Rainbow Moon


What does it mean?

This colorized NASA image shows changes in the composition of the Moon's surface.

Bright pinkish areas are highlands materials, such as those surrounding the oval lava-filled Crisium impact basin toward the bottom of the picture. Blue to orange shades indicate volcanic lava flows. To the left of Crisium, the dark blue Mare Tranquillitatis is richer in titanium than the green and orange maria above it. Thin mineral-rich soils associated with relatively recent impacts are represented by light blue colors; the youngest craters have prominent blue rays extending from them.

Via Mother Nature Network



  1. I’ve had enough of this astro-vandalism. It’s gotten to the point where you can’t put up a white natural satellite anymore without taggers covering the whole thing with paint.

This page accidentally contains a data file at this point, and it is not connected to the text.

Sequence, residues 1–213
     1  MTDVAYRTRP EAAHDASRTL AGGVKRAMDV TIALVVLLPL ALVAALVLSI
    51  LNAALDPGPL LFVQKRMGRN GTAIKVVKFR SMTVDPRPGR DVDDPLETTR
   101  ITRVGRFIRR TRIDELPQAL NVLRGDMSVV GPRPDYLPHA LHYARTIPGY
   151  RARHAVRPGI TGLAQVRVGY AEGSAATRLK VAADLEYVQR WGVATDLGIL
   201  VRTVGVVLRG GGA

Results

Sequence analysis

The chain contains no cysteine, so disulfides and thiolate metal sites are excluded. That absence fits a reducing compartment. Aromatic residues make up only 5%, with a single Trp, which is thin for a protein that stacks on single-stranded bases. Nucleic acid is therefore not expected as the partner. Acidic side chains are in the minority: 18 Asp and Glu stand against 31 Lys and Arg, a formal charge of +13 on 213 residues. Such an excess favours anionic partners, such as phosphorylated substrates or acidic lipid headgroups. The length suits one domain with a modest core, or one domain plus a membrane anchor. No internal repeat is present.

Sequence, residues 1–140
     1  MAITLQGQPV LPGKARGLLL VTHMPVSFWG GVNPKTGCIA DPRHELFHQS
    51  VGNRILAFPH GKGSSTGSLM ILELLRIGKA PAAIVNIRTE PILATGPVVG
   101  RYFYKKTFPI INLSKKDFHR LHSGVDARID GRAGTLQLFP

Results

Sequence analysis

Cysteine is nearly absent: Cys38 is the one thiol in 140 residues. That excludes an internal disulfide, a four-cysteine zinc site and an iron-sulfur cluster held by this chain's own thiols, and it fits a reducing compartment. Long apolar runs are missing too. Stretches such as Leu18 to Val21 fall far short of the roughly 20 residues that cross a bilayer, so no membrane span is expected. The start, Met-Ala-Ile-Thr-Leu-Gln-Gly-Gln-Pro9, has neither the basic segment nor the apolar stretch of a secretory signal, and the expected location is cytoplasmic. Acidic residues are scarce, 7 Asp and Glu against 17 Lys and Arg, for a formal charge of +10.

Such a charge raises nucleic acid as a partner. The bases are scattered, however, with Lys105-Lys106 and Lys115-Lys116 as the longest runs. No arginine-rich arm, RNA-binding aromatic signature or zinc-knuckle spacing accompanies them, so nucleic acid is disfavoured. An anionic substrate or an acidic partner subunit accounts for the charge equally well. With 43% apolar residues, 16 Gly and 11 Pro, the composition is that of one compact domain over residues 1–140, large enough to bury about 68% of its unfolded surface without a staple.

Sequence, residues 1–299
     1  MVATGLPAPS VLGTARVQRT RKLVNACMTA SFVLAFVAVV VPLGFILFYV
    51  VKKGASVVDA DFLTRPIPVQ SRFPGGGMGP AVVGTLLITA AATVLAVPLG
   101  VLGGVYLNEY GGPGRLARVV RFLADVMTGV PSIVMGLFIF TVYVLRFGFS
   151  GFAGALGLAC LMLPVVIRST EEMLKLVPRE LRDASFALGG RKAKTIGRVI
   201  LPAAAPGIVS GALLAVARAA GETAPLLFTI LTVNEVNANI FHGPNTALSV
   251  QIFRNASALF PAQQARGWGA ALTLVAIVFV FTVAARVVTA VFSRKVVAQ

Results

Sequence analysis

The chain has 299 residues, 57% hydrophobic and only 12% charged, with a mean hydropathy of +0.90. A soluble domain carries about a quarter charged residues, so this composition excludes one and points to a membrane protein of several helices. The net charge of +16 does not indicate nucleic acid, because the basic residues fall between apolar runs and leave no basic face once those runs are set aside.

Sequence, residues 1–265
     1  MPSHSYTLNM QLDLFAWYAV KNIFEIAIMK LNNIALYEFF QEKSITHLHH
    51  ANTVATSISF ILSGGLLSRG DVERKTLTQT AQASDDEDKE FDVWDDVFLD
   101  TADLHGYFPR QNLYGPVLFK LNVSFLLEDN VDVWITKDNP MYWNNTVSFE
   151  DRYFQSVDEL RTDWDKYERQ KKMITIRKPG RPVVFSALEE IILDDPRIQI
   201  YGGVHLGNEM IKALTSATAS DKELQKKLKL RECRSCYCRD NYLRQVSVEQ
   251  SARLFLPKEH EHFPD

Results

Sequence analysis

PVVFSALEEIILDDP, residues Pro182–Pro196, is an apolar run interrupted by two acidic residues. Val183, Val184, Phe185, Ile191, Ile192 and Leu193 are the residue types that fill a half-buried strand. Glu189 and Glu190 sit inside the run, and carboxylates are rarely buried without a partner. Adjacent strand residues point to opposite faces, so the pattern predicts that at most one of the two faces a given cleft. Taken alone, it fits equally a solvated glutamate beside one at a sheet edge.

2. It’s proof of my theory that the universe is actually a giant bowl of Lucky Charms. Repent, for the milk is near!

  3. Reminds me of Apollo 17 where Harrison Schmitt found orange soil in the rim of a crater. Right after that Ron Evans, the command module pilot started seeing orange crater rims all over the place from orbit.

    Nobody had noticed the color before.

  4. “Rainbow Moon”- now I know what to name my first-born boychild. Thanks, Boingboing!

  5. What? No water? Gosh for 20 years all NASA wanted to tell us about was all the water on the Moon. They even spent $78M to make a big, big public splash about all the water (all 200 pounds of it). And now they release a picture with -no- indication of where all the water is?

    On the other hand, it’s important to most of us who plant to mine the Moon to know where the titanium is. As soon as we figure out how to squeeze all that water out of the rocks into bathtubs.

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